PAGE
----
Ambassador André: Sure. I note that Somaliland has cooperative relations with several countries, including Ethiopia, Djibouti and UAE, as well as ourselves. No United Nations member state recognizes Somaliland independence. We are no different than Somaliland’s other international friends. The United States recognizes the sovereignty and territorial integrity of the Federal Republic of Somalia in its historic borders, which include the Somaliland region. We respect the achievements of the Somaliland region in terms of democratic governance and security. We work on shared goals with Somaliland’s authorities just as we do with Somalia’s Federal Member States. We view the question of Somaliland’s status as an issue for the people of Somalia (including Somaliland) to determine. We note that in the June 2020 talks in Djibouti between delegations from Hargeisa and Mogadishu, both parties agreed to work together to promote the interests of all Somalis within the territory of historic Somalia, thereby increasing mutual confidence and promoting reconciliation and an eventual agreement on status.
Somaliland Chronicle: How does the U.S. government define “historic Somalia”?
Ambassador André: Somalia was admitted into the United Nations on 20 September 1960. The United States, like all United Nations member states, recognizes Somalia as it was on that date.
Somaliland Chronicle: Your recent statement that U.S. policy to recognize “historic Somalia, in its historic borders ever since former British Somaliland opted to join the former Italian Somaliland and form the country” has been interpreted by some as wholly dismissing Somaliland’s sovereignty, and in more categorical terms than your predecessors. How do you respond?
Ambassador André: Official United States government policy is stated on this public webpage: U.S. Relations With Somalia – United States Department of State. Note this sentence: “The United States recognizes the sovereignty and territorial integrity of Somalia within its 1960 borders…”
Somaliland Chronicle: Is it fair to say that you are taking a contrarian position to the rest of the US government when it comes to Somaliland and the fact that direct US engagement may be in the best interest of the United States? And how do you square your adherence to “historic Somalia” with the interest of the United States that may include potential military base in Berbera?
Ambassador André: My job is to accurately represent the views of the United States government. If I took “a contrarian position to the rest of the U.S. government” then I would soon become a former Ambassador.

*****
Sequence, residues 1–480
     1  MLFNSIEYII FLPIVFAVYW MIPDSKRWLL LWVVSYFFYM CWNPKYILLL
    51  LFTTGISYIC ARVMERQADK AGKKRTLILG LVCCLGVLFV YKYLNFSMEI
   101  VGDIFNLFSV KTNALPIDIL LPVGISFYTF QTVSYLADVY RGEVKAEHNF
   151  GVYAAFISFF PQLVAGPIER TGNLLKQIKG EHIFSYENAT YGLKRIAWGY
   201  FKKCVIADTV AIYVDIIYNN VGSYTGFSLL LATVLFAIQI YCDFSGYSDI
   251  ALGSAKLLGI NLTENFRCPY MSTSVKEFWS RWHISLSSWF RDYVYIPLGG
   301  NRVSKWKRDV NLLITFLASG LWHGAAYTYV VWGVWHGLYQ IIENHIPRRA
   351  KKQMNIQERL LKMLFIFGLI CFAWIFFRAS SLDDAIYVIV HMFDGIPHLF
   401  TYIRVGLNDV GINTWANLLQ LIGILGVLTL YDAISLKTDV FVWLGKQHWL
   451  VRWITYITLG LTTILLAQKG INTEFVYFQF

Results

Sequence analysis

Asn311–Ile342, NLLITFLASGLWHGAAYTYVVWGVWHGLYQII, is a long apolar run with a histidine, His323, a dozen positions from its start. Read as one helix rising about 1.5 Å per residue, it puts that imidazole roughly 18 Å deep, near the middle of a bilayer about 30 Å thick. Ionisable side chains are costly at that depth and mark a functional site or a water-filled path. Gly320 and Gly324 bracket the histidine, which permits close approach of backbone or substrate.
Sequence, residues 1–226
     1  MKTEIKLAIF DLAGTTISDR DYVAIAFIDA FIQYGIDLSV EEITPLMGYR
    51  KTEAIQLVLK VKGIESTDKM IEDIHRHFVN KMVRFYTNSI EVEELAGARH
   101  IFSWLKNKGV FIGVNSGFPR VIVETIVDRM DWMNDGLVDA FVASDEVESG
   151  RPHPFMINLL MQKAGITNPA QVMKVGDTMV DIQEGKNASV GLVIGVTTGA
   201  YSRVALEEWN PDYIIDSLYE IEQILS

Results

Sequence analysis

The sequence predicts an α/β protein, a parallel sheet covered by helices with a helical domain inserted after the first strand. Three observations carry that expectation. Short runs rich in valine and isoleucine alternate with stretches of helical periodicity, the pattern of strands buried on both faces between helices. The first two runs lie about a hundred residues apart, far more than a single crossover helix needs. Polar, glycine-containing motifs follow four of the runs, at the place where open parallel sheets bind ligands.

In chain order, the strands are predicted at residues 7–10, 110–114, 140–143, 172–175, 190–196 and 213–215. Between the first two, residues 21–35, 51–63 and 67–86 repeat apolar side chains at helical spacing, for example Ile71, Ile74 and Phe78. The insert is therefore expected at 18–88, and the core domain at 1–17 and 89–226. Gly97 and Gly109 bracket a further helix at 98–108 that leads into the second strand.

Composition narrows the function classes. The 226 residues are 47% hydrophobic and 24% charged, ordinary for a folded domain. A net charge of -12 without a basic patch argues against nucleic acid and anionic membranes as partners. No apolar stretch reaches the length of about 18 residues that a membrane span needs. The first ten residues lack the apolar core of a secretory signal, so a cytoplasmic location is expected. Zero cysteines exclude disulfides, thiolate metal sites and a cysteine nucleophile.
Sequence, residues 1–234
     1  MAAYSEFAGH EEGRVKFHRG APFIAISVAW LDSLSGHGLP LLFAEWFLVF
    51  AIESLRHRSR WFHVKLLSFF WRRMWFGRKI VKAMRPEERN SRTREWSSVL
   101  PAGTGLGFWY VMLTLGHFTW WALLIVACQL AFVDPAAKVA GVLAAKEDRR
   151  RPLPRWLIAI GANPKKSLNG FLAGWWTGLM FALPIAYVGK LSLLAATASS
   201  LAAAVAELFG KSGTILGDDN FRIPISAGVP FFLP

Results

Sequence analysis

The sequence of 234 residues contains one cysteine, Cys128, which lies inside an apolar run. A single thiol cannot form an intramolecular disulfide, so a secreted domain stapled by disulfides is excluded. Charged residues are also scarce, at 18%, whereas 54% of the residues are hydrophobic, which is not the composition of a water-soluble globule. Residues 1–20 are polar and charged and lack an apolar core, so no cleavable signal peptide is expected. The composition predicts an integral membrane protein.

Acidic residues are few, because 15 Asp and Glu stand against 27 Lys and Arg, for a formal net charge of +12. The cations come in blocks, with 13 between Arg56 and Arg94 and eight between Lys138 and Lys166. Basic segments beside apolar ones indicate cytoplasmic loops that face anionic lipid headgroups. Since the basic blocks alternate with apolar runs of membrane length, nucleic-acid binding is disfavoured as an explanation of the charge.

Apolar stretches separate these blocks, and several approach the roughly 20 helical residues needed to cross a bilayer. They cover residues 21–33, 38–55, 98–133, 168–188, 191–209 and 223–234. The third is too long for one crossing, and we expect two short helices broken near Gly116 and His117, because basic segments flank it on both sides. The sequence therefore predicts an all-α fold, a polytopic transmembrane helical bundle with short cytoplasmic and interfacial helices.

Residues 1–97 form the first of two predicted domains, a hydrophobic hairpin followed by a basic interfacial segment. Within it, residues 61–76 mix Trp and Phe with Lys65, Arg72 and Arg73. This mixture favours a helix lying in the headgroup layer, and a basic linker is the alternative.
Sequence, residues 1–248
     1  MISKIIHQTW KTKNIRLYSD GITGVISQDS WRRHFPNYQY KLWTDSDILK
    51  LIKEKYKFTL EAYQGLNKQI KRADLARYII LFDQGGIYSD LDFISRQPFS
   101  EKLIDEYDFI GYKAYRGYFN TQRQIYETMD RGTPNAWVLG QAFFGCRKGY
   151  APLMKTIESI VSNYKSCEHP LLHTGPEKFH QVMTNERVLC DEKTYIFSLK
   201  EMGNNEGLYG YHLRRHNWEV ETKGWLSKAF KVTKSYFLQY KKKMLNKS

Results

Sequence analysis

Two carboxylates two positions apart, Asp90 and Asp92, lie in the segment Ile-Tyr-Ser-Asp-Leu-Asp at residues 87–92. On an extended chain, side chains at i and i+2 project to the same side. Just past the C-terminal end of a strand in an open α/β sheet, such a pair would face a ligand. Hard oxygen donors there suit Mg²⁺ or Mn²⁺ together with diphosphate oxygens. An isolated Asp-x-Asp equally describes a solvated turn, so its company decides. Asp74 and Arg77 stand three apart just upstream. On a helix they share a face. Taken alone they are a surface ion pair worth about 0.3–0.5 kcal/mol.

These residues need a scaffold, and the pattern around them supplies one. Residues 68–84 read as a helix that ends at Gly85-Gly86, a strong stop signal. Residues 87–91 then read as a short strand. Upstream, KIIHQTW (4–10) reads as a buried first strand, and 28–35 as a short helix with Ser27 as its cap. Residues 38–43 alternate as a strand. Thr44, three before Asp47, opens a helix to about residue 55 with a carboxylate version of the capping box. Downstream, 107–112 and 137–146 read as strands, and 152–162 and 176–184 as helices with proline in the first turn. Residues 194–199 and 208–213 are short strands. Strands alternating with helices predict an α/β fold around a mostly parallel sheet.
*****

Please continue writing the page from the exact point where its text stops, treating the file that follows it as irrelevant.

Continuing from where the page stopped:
Somaliland Chronicle: Do you agree with the 2005 assessment by an African Union fact-finding mission that Somaliland’s search for recognition is ”historically unique and self-justified”?
Ambassador André: I defer questions about African Union positions, past or present, on any given matter to the African Union.
Somaliland Chronicle: How would you compare the current state of democracy and security in Somaliland against that in Somalia?
Ambassador André: I frequently express our admiration for the achievements of the Somaliland region in terms of democratic governance and security. I first visited Hargeisa in 2001. Much progress has been achieved since then in terms of economic development and infrastructure as well. The Federal Government of Somalia was established ten years ago. Progress in all sectors has been achieved, although the last two years saw a partial reversal of that progress due to a dysfunctional level of political contentiousness. I sense a current public mood of cautious optimism, which we share.
Somaliland Chronicle: You have been extraordinarily deferential to government in Mogadishu, particularly in your rhetoric about the “one Somalia policy,” so how do you explain actions that seem to suggest a de facto recognition that the writ of the state does not extend into Somaliland, such as accompanying the U.S. AFRICOM commander to Hargeisa and Berbera?
Ambassador André: I disagree with your characterization. I characterize explaining our longstanding policy in clear terms as “extraordinarily honest.” We work with regional administrations throughout historic Somalia, as well as with the federal government in Mogadishu. General Townsend and I traveled together to Hargeisa and Berbera. Recently, Colonel Bishop and I traveled to Kismayo. This is normal.
Somaliland Chronicle: The Somaliland government has been very vocal about seeking partnership opportunities with the U.S.; what tangible steps is the U.S. taking to reciprocate these proposals?
Ambassador André: Per my response to question 3, we have extensive partnership programs in Somaliland. We have other potential cooperation under discussion. We are not able to satisfy every request, but our level of cooperation is comparable to that in other regions.
Somaliland Chronicle: How do you respond to criticism that you have alienated the Somaliland people by failing to visit Hargeisa for official consultations with government and civil society leaders? What is your message to those who have interpreted your recent statements and lack of direct engagement as signs of bad faith?
Ambassador André: I respond that they are mistaken. Again, I made an official visit to Hargeisa and Berbera on May 12, meeting with President Bihi, his cabinet, and several officials in Berbera. I first met President Bihi in Djibouti during the June 2020 talks between delegations from Mogadishu and Hargeisa. I have also spoken on the phone several times to President Bihi, Foreign Minister Kayd, and leaders of Somaliland’s political parties. I made a point of reaching out to Somali Americans with Somaliland origins when I was in Minneapolis earlier this month. I also met Somalilanders in Washington DC. I called on Somaliland’s representative in Nairobi. I communicate frequently with Somaliland’s representative in Washington DC. My record shows frequent direct engagement and good faith.